The week of Live8 and the G8 was a busy one, given that it was also the week of two other disasters – firstly London getting the Olympics (another monumental waste of money which will leave the PPP funding bodies rubbing their grubby hands in glee), and then the London bombing. The bombing had begun to feel like an inevitability for a while – there was no way that the huge disquiet amongst the world’s muslim population about the Iraqi occupation and the continued support for Israel’s occupation of Palestinian land was going to go unmarked in the UK. And finally it did, four huge bombs, three on the underground, one on a bus, quite a few people dead (though not as many as lost their lives in Iraq that weekend… that didn’t make the world news). A tragedy, but one that the government still refuse to admit was linked to the situation in the middle east. Stupid stupid fools.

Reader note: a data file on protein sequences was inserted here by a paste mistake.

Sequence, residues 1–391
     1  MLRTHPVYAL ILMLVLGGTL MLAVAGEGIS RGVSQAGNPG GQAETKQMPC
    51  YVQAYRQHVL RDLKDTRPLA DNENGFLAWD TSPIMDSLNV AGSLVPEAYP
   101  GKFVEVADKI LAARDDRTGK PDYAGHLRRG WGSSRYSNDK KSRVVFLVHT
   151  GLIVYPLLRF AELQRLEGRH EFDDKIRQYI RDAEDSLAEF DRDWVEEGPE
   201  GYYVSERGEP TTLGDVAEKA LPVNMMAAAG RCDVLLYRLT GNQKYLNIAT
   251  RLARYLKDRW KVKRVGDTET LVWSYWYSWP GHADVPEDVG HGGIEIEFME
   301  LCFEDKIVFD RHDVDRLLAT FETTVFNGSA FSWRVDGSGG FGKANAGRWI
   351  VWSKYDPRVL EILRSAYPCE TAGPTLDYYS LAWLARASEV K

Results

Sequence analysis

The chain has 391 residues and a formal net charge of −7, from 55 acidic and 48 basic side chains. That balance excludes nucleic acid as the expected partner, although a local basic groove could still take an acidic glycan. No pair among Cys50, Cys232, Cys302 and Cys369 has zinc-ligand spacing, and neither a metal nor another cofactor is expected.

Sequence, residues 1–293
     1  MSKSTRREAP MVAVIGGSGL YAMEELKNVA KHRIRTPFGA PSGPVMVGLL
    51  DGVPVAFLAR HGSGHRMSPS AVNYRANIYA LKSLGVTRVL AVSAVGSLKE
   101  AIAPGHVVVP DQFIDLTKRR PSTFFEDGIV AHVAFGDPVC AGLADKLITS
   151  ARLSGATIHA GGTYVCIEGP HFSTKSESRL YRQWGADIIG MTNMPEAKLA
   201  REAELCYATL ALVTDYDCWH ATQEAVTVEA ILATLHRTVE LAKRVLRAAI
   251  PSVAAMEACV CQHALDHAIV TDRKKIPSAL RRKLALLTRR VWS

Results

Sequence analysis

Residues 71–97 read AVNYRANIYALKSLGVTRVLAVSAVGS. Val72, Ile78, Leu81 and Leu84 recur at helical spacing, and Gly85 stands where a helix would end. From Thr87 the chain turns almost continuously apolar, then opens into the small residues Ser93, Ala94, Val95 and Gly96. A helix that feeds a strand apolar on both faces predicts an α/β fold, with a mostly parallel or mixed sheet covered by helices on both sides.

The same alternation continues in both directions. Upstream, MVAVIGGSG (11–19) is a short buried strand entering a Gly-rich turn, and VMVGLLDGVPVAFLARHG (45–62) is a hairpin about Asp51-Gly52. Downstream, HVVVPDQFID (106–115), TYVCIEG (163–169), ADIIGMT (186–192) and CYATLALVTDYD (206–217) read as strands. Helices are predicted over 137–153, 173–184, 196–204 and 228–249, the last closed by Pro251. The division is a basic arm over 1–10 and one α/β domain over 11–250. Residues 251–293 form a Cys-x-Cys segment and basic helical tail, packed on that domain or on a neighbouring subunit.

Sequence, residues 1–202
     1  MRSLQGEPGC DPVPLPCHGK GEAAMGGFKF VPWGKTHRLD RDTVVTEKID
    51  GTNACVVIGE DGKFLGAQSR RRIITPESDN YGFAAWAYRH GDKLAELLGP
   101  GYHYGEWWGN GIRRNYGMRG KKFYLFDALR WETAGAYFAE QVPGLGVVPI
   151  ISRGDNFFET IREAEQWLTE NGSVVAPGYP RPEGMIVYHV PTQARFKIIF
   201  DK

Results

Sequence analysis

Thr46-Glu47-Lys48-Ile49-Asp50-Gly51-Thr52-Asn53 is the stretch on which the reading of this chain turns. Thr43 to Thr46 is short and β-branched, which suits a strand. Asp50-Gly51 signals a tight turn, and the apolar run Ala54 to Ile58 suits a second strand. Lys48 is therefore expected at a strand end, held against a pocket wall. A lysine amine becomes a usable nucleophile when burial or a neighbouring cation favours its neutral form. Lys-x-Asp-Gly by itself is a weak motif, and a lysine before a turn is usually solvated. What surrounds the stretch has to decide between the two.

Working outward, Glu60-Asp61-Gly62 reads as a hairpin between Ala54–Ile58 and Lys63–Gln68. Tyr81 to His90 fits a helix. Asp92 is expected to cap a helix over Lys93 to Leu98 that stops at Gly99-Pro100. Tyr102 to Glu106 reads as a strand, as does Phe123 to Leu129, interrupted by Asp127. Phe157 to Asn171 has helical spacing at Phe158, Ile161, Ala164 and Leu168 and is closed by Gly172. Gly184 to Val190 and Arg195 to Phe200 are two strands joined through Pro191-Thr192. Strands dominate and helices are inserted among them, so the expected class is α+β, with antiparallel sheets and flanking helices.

But at the end of the year, some great news, perhaps the first great news in british life for a long time – registered civil partnerships for Gay couples. Finally gay people can get married (no, I really don’t care if you don’t want to call it a marriage or a wedding – it is, and that’s great.)

And the media spectacle of the year was certainly George Galloway in front of the US senate committee, absolutely ripping them apart. The most damning indictment of the Bush administrations lies and coverup in Iraq, and right there in the heart of the beast. Genius! Galloway can be a bit of a bellend, and his campaign in the General Election (ah yes, we had one of those – what a non-event that was) was horrible and divisive, but on that one day in the Senate, he ruled the world.